actionpack action_caching

Action caching for Action Pack (removed from core in Rails 4.0)



Action caching for Action Pack (removed from core in Rails 4.0).


Add this line to your application’s Gemfile:

gem 'actionpack-action_caching'

And then execute:

$ bundle

Or install it yourself as:

$ gem install actionpack-action_caching


Action caching is similar to page caching by the fact that the entire
output of the response is cached, but unlike page caching, every
request still goes through Action Pack. The key benefit of this is
that filters run before the cache is served, which allows for
authentication and other restrictions on whether someone is allowed
to execute such action.

class ListsController < ApplicationController
  before_action :authenticate, except: :public

  caches_page   :public
  caches_action :index, :show

In this example, the public action doesn’t require authentication
so it’s possible to use the faster page caching. On the other hand
index and show require authentication. They can still be cached,
but we need action caching for them.

Action caching uses fragment caching internally and an around
filter to do the job. The fragment cache is named according to
the host and path of the request. A page that is accessed at will result in a fragment named This allows the cacher to
differentiate between and – which is a helpful way of assisting
the subdomain-as-account-key pattern.

Different representations of the same resource, e.g. and
are treated like separate requests and so are cached separately.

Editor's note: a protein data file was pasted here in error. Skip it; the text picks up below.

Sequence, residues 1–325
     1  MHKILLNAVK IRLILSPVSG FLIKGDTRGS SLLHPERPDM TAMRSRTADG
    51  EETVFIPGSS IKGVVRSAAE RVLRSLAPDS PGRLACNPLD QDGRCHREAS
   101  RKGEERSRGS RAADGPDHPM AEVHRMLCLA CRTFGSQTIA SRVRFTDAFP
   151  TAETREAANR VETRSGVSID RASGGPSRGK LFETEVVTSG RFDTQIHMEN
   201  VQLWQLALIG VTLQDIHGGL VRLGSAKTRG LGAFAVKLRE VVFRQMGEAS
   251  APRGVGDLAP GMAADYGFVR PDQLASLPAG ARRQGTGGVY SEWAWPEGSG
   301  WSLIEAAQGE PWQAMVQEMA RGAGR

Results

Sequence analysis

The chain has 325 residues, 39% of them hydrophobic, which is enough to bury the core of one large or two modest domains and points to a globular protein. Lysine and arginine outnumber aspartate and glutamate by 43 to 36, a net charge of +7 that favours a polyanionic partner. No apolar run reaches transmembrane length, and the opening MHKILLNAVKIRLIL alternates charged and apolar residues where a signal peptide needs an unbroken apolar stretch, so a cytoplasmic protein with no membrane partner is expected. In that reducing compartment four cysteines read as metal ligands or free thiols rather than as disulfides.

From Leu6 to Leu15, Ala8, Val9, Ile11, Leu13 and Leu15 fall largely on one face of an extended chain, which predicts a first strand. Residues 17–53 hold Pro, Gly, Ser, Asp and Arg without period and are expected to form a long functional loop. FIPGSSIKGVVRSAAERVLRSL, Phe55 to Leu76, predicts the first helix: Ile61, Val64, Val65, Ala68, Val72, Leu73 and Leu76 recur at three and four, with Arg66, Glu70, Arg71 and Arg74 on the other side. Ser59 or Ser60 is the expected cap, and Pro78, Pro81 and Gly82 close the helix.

Keep in mind when expiring an action cache that
action: "lists" is not the same as
action: "list", format: :xml.

You can modify the default action cache path by passing a
:cache_path option. This will be passed directly to This is handy for actions with
multiple possible routes that should be cached differently. If a
proc (or an object that responds to to_proc) is given, it is
called with the current controller instance.

And you can also use :if (or :unless) to control when the action
should be cached, similar to how you use them with before_action.

As of Rails 3.0, you can also pass :expires_in with a time
interval (in seconds) to schedule expiration of the cached item.

The following example depicts some of the points made above:

class ListsController < ApplicationController
  before_action :authenticate, except: :public

  # simple fragment cache
  caches_action :current

  # expire cache after an hour
  caches_action :archived, expires_in: 1.hour

  # cache unless it's a JSON request
  caches_action :index, unless: -> { request.format.json? }

  # custom cache path
  caches_action :show, cache_path: { project: 1 }

  # custom cache path with a proc
  caches_action :history, cache_path: -> { request.domain }

  # custom cache path with a symbol
  caches_action :feed, cache_path: :user_cache_path

    def user_cache_path
      if params[:user_id]
        user_list_url(params[:user_id], params[:id])

If you pass layout: false, it will only cache your action
content. That’s useful when your layout has dynamic information.

Note: Both the :format param and the Accept header are taken
into account when caching the fragment with the :format having
precedence. For backwards compatibility when the Accept header
indicates a HTML request the fragment is stored without the
extension but if an explicit "html" is passed in :format then
that is used for storing the fragment.


  1. Fork it.
  2. Create your feature branch (git checkout -b my-new-feature).
  3. Commit your changes (git commit -am 'Add some feature').
  4. Push to the branch (git push origin my-new-feature).
  5. Create a new Pull Request.

Code Status

  • Build Status